Thursday, December 3, 2009

When Christ is a cudgel

Excessively enthusiastic Christians keep doing things that get in the way of me enjoying Christmas.

And by the aforementioned sect, I don’t mean the good people who believe in Jesus, love their neighbor, attend church regularly and pray for forgiveness for all their earthly sins.

You know, people like me.

Unlike the zealots, I don’t profess to have all the answers. But I’m comfortable practicing a Lutheran-accented Christianity because of its emphasis on love and forgiveness, two qualities I need in spades.

But if on the day I’m dispatched to meet my maker I learn he’s one of those wacky alien deities that Tom Cruise worships, I won’t slap my forehead in profound betrayal.

Once we leave here, it’s a long leap into the great unknown. We can all believe, but no one can know.

That goes for the born again bunch who -- hallelujah -- testify the day they found Jesus was more momentous than the day Columbus discovered America (which is a fable of another sort, but let’s not get distracted here).

I was an unwitting party to a glancing encounter with one this morning at the grocery store where someone careless stocks the soup shelves. The previous day I’d inadvertently picked up a can of Campbell’s Cream of Asparagus from the dispenser designated Campbell’s Oyster Stew. I didn’t notice until I got home.

I didn’t thunder indignation over the error or urge eternal damnation for the poor hungover stock boy. I just went back this morning to make an understanding exchange.

In its own little way, it was a very Christian reaction.

The middle-aged woman manning the exchange desk was distraught from a phone call she'd just concluded.

I asked what was wrong.

“Oh, this sales woman from Overly’s called to ask if we’d sell tickets for their Christmas display,” she said, referring to a popular drive-through light display at the Westmoreland County fairgrounds. We take the kids every year.

“Well, I explained our store policy and told her we can’t do that and she said, ‘Well, I guess you’re not a very good Christian then, are you?’”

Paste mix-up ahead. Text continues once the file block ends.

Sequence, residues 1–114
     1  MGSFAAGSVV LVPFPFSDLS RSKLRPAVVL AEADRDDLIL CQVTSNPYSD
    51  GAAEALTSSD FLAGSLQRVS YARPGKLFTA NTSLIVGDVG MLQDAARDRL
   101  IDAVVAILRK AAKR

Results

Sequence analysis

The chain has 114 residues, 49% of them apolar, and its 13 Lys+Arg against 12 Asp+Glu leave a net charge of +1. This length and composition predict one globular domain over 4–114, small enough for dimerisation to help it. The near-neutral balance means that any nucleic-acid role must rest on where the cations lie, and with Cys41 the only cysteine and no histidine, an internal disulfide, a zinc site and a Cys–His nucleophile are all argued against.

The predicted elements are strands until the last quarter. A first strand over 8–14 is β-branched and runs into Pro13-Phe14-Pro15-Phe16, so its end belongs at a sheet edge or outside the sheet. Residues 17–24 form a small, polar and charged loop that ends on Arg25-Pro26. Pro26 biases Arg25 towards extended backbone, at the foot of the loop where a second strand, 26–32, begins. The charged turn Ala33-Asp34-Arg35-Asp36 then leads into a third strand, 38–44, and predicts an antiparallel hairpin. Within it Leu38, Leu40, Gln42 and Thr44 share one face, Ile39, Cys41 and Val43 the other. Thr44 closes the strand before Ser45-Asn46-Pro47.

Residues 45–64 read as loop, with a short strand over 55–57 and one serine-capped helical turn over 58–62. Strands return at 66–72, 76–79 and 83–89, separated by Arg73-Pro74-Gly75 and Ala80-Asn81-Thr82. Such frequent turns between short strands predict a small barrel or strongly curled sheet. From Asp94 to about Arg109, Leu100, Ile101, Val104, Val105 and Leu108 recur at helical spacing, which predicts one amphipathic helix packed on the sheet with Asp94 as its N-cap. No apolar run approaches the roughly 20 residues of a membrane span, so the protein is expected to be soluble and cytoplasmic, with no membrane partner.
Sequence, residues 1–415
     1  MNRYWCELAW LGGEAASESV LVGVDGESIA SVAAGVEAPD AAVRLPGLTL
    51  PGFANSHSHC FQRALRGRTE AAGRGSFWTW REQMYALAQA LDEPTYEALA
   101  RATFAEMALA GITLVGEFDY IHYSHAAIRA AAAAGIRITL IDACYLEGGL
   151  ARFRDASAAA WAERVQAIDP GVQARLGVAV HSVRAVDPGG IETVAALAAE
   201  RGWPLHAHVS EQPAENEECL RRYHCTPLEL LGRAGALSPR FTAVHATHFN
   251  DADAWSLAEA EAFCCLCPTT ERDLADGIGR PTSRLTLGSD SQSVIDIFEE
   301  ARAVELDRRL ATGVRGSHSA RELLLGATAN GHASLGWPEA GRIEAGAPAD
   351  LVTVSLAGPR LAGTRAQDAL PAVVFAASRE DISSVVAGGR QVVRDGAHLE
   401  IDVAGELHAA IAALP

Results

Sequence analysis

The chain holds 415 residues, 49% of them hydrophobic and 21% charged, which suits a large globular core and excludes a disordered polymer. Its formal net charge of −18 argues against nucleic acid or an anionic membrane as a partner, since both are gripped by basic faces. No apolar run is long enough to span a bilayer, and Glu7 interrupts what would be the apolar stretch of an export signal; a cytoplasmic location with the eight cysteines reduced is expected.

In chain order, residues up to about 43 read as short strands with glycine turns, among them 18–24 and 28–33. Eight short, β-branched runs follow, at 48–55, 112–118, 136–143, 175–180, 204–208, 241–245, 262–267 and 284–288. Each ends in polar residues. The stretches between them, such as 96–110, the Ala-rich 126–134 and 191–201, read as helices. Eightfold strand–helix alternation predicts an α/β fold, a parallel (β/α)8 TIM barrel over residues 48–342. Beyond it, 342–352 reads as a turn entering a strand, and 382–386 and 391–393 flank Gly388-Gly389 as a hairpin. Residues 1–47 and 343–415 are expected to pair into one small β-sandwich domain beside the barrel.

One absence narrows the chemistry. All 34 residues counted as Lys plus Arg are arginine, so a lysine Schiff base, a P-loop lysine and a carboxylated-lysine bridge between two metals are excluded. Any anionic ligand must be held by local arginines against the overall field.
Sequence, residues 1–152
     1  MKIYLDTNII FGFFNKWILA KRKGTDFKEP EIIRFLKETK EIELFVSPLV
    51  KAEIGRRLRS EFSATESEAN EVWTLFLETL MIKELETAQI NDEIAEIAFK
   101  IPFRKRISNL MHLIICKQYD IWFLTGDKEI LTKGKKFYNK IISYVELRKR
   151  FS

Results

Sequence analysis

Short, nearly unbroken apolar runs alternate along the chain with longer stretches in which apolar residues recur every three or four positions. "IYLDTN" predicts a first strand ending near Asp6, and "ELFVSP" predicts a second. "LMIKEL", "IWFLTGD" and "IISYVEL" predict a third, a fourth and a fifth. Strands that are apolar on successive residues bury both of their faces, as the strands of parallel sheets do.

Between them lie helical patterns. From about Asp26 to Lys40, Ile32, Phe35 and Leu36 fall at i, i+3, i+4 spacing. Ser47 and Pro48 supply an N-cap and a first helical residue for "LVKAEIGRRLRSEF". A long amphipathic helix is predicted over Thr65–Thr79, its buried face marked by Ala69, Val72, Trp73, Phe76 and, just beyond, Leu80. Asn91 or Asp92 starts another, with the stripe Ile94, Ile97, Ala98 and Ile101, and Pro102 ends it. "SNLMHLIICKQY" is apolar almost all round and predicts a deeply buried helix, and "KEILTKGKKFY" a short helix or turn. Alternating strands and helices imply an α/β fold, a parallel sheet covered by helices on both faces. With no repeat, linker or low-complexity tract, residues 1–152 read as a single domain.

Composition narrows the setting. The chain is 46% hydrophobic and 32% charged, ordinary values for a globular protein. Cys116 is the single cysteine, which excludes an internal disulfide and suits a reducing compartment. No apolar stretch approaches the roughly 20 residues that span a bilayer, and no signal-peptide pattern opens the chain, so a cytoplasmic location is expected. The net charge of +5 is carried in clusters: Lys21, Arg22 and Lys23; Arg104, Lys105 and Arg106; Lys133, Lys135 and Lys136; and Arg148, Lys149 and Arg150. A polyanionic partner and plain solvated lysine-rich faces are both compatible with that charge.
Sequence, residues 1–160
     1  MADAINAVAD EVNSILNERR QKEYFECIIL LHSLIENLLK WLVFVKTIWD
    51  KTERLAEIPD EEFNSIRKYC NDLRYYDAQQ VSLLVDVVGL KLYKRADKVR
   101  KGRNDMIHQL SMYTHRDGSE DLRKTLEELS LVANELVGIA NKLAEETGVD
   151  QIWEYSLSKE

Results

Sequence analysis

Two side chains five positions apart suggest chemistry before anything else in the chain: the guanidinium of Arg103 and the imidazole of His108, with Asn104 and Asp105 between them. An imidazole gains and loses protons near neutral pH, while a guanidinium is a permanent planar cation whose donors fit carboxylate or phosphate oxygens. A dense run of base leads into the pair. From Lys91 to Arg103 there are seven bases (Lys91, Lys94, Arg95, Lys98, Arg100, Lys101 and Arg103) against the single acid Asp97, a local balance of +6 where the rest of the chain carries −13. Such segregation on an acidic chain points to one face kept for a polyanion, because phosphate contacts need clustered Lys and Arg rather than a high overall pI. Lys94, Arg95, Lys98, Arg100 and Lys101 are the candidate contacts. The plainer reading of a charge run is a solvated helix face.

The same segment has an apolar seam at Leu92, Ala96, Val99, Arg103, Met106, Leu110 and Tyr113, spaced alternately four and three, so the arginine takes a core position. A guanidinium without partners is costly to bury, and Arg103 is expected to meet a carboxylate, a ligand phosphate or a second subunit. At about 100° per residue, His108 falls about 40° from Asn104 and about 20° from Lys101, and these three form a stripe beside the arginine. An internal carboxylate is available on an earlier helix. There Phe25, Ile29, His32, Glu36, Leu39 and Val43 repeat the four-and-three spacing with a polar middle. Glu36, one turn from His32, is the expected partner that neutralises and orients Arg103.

Nobody likes to be told they’re going to hell, but to hear it at your minimum wage job from an anonymous telemarketer was clearly upsetting to this sweet, unassuming woman -- let’s call her Mary.

Using Christ as a cudgel never goes out of fashion, but it’ll always gall me.

I’m ashamed to admit -- and I hope I’ll be forgiven -- but my first instinct was petty revenge. I thought I’d call group sales at Overly’s and ask if they give discounts for church groups.

What good Christian could refuse?

Once enthusiastically assured, I was going to make Christmas Eve reservations for five busloads of reverential brothers from the Greater Pittsburgh Muslim Community Center.

I’d tape the backpedaling reaction and use the audio to choreograph a YouTube puppet show. The short would go viral and have even conservative scolds like Bill O’Reilly tsk-tsking the narrow-mindedness over a county fairground display that tilts toward the gaudy secular aspects of a holiday meant to celebrate peace on earth, for the love of God.

But I didn’t do that. I just told Mary to forget about it.

But I’m pretty sure she won’t. I’ll bet she will tell 10 friends who’ll tell 10 friends who, like me, will feel their blood pressures rise the next time Christians bray about being persecuted when someone innocuously wishes them a cheerful “Happy Holidays!”

For me, it’s yet another life lesson that’ll give me pause if I’m ever in the bleacher seats and forced to pick a rooting interest if the Christians ever face the ecumenical lions again.

Really, it’s sort of a coin toss for me.

Both can be vicious and say what you want about the bloodthirsty lions.

At least they don’t discriminate.

No comments: